mini green house
Jessica Rees
Sustainability and Engagement Officer
2 minute read

Community gardens offer people access to gardening when they might not otherwise have it. Social prescribing is an approach that connects people to activities, groups, and services in the community to meet practical, social, and emotional needs of mental and physical health – rather than just relying on medication.

Green social prescribing more specifically supports people to engage in nature-based interventions, including walking schemes, green gyms, open water swimming and projects within community gardens.

Being part of a community garden project can help reduce feelings of depression, anxiety, and anger. It helps to create a sense of belonging in a community and encourages physical activity (weeding can be hard work) and healthy eating (as you get access to the lovely things you grow).


a few tubs of baby tomatoes.


Why we're interested in this for healthcare

The NHS Long Term Plan sets out to embed social prescribing and community-based approaches across the NHS and wider healthcare sector. Social prescribing is especially beneficial for communities that suffer from health inequalities, such as reduced access to green spaces.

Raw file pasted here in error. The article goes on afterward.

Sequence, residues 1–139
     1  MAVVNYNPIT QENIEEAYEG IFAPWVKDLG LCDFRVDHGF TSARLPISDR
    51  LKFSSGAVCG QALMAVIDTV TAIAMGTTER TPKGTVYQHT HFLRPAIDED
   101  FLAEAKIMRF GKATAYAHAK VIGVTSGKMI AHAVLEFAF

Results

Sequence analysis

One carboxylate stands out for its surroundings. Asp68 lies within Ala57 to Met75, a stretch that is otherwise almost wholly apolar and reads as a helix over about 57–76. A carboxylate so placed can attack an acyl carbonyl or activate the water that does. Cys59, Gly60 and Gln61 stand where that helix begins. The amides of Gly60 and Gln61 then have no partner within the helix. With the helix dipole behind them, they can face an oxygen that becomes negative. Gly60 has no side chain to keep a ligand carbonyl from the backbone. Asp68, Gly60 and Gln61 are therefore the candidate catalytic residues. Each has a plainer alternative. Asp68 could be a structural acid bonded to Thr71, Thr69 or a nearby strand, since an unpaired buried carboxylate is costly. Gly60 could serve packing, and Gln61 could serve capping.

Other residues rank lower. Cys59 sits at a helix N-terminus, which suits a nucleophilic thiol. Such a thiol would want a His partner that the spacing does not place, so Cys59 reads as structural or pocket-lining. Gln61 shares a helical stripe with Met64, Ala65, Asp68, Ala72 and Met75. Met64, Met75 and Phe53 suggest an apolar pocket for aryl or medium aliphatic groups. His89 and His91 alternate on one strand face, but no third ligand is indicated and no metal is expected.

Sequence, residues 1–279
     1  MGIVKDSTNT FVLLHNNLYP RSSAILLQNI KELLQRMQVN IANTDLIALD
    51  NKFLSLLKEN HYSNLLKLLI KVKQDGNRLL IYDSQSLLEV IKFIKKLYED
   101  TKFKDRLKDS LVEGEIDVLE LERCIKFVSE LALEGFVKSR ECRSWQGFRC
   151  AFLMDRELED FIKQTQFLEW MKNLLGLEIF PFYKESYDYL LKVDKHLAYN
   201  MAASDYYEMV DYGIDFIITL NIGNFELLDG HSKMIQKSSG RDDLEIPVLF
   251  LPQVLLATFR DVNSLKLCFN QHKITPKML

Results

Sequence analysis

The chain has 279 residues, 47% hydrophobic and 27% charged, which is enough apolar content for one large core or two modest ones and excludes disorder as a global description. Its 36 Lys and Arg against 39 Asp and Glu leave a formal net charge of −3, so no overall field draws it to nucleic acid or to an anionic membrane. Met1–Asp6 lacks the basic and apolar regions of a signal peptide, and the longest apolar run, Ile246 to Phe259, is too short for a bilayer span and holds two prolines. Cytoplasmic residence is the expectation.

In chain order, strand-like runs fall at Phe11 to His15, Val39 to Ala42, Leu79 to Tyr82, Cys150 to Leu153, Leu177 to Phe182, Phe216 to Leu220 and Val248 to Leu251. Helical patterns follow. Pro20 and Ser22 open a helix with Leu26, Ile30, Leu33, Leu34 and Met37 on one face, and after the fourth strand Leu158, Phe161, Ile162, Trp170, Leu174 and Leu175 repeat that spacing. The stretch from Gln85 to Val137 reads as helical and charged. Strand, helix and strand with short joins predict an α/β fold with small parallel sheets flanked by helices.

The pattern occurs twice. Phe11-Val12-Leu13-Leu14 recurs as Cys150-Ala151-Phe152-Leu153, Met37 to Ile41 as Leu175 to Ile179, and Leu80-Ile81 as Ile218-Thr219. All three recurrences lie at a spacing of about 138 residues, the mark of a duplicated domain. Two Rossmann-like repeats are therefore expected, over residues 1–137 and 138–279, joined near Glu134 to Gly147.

A fully embedded social prescribing programme could lead to 4.5 million fewer GP appointments per year.

Community gardens are not only excellent for social prescribing, but they also enhance our shared environment, adding to green spaces and biodiversity in the area. We know that a healthier environment contributes to healthier people.

 Check out these community gardens around Sussex:

  • Brighton – One Garden – Stanmer Park
  • Brighton – Moulsecoomb Forest Garden
  • Chichester – Bishops Palace Garden
  • Chichester – Oaklands Park Community Orchard
  • Eastbourne – Edible Eastbourne
  • Eastbourne – Gather Community Garden
  • Haywards Heath – Grove Garden
  • Steyning – Rock Farm
  • Worthing – Breathing Spaces Community Flower Farm